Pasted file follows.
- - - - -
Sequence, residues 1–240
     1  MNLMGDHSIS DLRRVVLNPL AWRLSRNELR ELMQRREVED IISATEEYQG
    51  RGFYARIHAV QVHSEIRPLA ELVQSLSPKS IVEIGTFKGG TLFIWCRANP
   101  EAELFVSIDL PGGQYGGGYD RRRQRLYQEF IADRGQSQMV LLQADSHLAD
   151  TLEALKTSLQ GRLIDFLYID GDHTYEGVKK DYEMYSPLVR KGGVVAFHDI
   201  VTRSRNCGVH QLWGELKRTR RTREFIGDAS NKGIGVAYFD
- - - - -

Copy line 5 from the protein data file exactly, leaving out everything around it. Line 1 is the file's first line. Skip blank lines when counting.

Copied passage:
   151  TLEALKTSLQ GRLIDFLYID GDHTYEGVKK DYEMYSPLVR KGGVVAFHDI